CC: For me, there are two special features of this plant. First is the energy recovery.
We put a lot of effort into the design of the technology to minimize the energy consumption as much as possible. I think we are in the range of 3.2kW/h – 3.3kW/h per cubic meter, which is a record. When I started in this industry, the energy consumption for a membrane desalination plant was around 14kW/h.
Over the last 20 years, we’ve managed to reduce that down to this new level of 3.2kW/h. I don’t think it’s possible to go significantly lower than this.
Some of the 538.270 meters of wiring being installed at the Shuqaiq 3 IWP construction site
We’ve achieved this not only through the design of the high-pressure pumps, but also because we have carefully designed every element of the project, from pipeline flows to filtration systems, to be as efficient as possible. And I’m very proud that we succeeded.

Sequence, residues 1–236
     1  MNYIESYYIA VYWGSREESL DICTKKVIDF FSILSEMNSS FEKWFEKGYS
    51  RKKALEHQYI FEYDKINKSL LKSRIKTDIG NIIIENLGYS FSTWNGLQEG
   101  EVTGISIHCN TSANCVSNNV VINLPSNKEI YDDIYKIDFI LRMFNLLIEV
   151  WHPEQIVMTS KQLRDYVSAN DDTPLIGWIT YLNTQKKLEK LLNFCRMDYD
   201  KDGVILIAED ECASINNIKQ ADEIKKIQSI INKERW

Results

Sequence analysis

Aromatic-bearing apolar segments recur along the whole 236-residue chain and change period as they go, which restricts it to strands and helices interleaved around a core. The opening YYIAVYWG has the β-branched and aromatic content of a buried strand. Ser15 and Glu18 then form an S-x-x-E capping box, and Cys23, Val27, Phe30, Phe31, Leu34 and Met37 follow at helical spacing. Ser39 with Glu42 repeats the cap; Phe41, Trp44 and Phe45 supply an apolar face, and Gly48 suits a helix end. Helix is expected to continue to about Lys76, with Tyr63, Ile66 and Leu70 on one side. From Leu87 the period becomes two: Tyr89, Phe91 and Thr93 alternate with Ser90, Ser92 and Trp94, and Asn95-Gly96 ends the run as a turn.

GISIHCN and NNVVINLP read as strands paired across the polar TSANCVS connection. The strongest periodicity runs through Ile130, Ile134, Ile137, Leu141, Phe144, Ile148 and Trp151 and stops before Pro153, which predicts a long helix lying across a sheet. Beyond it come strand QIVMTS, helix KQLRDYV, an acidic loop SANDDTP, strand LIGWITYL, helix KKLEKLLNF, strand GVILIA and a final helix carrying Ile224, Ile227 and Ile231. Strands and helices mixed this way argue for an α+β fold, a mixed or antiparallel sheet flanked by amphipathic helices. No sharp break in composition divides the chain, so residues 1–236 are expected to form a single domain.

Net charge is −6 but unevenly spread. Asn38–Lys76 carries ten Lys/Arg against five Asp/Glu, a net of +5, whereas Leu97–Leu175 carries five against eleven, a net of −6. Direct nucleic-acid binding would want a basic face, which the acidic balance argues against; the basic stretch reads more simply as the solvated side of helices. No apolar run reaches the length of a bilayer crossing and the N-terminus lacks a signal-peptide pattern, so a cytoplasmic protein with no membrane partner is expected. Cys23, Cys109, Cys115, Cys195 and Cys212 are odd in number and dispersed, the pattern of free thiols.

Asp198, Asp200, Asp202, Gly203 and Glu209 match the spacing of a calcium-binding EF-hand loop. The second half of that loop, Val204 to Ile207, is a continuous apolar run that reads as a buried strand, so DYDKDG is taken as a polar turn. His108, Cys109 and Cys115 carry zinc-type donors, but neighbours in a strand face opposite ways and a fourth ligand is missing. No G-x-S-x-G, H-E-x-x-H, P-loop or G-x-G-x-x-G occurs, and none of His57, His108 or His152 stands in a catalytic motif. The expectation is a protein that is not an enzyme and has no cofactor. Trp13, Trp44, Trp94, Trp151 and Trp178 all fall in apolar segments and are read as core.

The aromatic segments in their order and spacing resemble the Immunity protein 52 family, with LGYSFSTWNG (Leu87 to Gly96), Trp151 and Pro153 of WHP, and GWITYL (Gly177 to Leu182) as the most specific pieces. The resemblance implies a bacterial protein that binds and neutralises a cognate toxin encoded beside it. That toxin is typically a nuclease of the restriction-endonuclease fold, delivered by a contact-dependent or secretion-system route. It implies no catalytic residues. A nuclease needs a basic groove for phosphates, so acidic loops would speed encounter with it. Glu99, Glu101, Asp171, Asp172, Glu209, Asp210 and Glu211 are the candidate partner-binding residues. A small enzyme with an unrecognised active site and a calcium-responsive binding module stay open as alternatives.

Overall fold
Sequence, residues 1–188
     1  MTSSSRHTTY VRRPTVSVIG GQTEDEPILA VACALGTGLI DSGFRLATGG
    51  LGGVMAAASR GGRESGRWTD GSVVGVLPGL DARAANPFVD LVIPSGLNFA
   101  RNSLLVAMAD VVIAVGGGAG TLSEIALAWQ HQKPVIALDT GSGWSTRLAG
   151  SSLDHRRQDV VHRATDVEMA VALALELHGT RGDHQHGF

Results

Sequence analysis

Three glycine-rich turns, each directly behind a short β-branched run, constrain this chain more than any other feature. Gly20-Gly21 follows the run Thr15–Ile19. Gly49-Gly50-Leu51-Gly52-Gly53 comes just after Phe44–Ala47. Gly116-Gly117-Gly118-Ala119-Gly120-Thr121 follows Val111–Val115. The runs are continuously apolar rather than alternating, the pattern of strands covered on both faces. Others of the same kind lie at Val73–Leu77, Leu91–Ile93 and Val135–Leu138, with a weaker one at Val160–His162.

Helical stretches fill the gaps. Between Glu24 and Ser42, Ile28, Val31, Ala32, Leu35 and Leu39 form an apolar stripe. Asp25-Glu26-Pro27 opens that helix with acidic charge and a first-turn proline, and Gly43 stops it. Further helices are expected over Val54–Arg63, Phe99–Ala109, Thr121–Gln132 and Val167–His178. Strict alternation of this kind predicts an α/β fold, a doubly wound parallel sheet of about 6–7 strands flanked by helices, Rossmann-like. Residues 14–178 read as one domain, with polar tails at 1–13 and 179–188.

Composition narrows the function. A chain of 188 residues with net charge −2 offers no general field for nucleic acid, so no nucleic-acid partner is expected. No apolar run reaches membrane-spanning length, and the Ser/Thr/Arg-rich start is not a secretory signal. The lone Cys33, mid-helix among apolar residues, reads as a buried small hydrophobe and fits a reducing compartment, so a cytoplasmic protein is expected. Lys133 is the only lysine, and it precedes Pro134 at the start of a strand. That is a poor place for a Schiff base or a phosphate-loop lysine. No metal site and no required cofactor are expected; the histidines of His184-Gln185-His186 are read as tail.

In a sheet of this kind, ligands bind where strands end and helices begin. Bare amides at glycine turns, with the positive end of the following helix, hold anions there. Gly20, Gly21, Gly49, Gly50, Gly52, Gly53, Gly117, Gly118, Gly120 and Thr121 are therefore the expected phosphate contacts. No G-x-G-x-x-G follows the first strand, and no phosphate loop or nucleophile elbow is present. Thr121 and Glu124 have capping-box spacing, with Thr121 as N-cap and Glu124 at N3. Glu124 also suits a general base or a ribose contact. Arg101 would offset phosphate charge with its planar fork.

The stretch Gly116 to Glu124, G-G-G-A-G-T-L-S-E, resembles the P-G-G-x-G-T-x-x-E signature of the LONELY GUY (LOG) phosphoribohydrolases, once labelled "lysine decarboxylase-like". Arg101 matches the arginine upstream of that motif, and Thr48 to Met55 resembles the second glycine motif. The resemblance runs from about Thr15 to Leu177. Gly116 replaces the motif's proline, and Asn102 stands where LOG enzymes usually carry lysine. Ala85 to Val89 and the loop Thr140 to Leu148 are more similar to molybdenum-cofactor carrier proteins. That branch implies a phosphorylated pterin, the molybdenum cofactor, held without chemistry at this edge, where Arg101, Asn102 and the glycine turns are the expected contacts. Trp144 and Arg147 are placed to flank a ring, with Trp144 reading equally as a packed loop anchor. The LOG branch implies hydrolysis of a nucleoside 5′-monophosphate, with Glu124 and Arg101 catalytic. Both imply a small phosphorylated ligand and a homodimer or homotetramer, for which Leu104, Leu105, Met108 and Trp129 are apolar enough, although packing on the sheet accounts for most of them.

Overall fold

The second special feature is the intake. To produce 450,000 cubic metres of desalinated water a day, you have to design a pipeline that can intake double the capacity, because around 50% ends up as brine discharge.
So, in this case we need to design an intake that could handle 900,000 cubic metres a day, which is huge, and continue to do so for the next 25 years. It was a great achievement.
The 2-meter diameter seawater intake pipes at the Shuqaiq 3 IWP construction site
Q. Do you think the problem of water availability is going to get worse over the next 25 years?